Canada, France governments announce Declaration of the International Panel on AI

Today the Government of Canada made public the Declaration of the International Panel on Artificial Intelligence (IPAI), and released further details on the Panel that will see Canada and France working together to guide the responsible development of artificial intelligence.

“Today’s announcement is an important step toward ensuring that AI advancements reflect Canadians’ values.”

The Panel will be an organization dedicated to AI and plans to bring together some of the world’s “greatest global AI experts.” It hopes to be a global reference point in the development of AI, rooted in human rights, inclusion, diversity, innovation, and economic growth.

“Today’s announcement is an important step toward ensuring that AI advancements reflect Canadians’ values. In partnership with France, Canada is leading the broader international AI community through the establishment of the International Panel on Artificial Intelligence that, once launched, will ensure that the economic and social benefits of artificial intelligence are shared by all citizens,” ISED Minister, Navdeep Bains stated.

The government noted that the IPAI is a direct outcome of the Canada-France Statement on Artificial Intelligence announced by Prime Minister Justin Trudeau and President of France Emmanuel Macron prior to the 2018 G7 Summit. Bains and France’s Secretary of State for Digital Affairs Cédric O originally announced the mandate for the IPAI at the G7 Multistakeholder Conference on AI hosted in Montreal in December.

Bains and O made the declaration public, offering further details on the Panel, after the G7 Digital Ministerial meeting, held in Paris, France on Wednesday discussing ‘Building Digital Trust Together.’ During the meeting countries including Germany, Italy, India, Japan, the United Kingdom, New Zealand, as well as the European Union expressed interest in the IPAI. The Canadian government stated that it will “continue discussions with interested participants on the design of the Panel.”

The declaration states that participants in the IPAI will commit to the following values as they develop, use, and adopt AI:

  • Promote and protect a human-centric and ethical approach to AI, grounded in human rights
  • Support a multistakeholder approach to AI
  • Stimulate innovation, growth and well-being through AI
  • Align efforts on AI with the principles of sustainable development and the goals of the 2030 Agenda for Sustainable Development
  • Strengthen diversity and inclusion through AI
  • Foster transparency and openness of AI systems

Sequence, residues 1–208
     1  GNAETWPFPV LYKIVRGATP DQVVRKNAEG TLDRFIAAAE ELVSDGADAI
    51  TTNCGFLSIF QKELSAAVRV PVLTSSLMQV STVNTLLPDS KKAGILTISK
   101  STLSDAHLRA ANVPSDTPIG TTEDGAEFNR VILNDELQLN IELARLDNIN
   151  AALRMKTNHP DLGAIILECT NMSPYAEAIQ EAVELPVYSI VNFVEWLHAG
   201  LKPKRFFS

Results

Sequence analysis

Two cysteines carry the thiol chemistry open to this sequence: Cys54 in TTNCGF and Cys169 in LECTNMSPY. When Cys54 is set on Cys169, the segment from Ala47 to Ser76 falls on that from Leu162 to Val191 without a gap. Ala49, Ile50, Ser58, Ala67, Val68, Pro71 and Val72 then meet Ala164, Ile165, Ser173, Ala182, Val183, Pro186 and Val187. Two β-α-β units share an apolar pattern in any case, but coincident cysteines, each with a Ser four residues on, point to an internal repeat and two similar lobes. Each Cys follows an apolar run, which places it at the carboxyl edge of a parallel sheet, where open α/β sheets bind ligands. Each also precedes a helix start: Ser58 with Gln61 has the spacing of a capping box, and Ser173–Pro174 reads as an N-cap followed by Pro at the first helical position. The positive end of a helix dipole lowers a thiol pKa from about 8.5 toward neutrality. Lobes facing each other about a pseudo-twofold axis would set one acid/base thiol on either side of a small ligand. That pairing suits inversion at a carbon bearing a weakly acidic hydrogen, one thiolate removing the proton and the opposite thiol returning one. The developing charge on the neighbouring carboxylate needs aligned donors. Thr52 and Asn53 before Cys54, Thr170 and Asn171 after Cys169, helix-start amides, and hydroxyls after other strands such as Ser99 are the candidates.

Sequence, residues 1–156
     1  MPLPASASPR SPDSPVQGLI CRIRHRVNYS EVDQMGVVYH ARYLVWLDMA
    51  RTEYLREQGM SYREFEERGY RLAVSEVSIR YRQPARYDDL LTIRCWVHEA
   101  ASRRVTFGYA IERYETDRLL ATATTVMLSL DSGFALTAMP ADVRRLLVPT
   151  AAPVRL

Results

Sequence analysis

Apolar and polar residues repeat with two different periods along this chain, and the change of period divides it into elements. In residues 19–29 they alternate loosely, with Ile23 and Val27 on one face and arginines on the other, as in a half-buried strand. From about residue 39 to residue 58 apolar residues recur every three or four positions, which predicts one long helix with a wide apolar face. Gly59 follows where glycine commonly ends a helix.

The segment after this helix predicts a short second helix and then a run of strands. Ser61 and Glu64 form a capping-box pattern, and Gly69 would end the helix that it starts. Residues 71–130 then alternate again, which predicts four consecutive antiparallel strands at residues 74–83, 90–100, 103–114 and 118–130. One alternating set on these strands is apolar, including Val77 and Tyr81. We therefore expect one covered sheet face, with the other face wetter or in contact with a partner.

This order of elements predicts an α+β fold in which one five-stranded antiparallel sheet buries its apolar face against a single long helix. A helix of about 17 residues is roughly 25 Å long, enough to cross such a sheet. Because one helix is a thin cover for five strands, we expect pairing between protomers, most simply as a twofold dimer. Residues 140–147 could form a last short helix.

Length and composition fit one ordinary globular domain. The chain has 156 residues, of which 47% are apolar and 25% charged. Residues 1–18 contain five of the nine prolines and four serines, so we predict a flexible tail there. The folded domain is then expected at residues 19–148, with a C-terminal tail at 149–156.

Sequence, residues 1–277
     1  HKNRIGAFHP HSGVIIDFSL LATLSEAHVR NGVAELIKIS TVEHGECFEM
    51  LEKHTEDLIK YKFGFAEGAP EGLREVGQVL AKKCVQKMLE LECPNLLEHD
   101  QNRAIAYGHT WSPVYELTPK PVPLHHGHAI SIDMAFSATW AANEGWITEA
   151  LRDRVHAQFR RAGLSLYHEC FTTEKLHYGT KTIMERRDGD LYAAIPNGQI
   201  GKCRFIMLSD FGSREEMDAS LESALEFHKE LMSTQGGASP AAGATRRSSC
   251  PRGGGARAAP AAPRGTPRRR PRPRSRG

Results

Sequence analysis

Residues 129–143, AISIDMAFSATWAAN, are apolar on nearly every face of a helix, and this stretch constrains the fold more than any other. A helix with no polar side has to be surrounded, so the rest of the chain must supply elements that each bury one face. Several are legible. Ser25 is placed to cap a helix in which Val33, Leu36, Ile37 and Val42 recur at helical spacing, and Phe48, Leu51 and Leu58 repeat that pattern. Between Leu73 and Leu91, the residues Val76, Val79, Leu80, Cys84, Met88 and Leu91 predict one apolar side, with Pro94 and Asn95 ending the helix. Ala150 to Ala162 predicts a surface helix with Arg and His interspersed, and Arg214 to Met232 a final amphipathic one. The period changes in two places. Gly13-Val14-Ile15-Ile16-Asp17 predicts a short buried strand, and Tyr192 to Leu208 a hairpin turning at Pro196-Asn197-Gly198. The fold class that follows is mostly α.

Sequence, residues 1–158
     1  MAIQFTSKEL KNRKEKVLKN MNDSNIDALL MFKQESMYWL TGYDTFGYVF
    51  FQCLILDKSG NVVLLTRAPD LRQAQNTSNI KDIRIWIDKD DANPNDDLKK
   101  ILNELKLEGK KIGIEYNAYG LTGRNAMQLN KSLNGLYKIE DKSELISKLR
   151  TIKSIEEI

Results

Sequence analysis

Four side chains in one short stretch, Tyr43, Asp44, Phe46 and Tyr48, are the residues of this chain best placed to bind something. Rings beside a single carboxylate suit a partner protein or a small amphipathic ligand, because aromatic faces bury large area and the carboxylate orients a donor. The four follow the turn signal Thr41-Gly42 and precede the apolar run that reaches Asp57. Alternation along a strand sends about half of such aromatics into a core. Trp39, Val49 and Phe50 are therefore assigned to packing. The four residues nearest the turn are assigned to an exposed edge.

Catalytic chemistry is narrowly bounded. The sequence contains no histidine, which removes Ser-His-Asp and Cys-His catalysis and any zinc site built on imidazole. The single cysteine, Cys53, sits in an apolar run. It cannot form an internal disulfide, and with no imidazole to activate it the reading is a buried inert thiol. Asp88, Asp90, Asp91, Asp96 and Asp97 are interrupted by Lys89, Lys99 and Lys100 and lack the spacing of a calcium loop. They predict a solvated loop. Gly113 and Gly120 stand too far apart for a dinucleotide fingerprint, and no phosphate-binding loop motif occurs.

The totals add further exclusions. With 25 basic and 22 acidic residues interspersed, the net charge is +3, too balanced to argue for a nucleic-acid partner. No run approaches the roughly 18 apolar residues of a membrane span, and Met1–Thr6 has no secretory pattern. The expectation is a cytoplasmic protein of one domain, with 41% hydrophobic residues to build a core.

• Foster trust and accountability in AI
  • Promote and protect democratic values, processes and institutions
  • Bridge digital divides
  • Promote international scientific collaboration on AI

The IPAI is set to be formally launched later this year at the Biarritz Summit to be held in France in August. The Panel will include a steering committee, a secretariat, and working groups focused on different topics related to AI, including its technological development, impacts, and the future of work. The IPAI panel will convene for an annual conference of international AI experts and participants. France’s Secretary O also announced that France will be hosting a ‘Global Forum on AI for Humanity’ in October in Paris, aimed at informing possible priority areas for the IPAI.

Earlier this week the government also revealed the creation of an AI advisory council that includes some of Canada’s top AI researchers, Geoffrey Hinton, Yoshua Bengion, and Richard Sutton, as well as Foteini Agrafioti, head of Borealis AI and chief science officer for RBC. The council will form a committee focusing on commercializing value from Canadian-owned AI and data analytics, building on the work started by the Digital Industries Economic Strategy Table.

In April the Canadian Institute for Advanced Research (CIFAR), also launched a series of workshops examining the effects of AI on society, in partnership with the French National Centre for Scientific Research (CNRS) and UK Research and Innovation (UKRI). The international AI & Society research workshops look to consider the economic, ethical, policy, and legal implications of artificial intelligence on society.

Meagan Simpson

Meagan Simpson

Meagan is the Senior Editor for BetaKit. A tech writer that is super proud to showcase the Canadian tech scene. Background in almost every type of journalism from sports to politics. Podcast and Harry Potter nerd, photographer and crazy cat lady.

0 replies on “Canada, France governments announce Declaration of the International Panel on AI”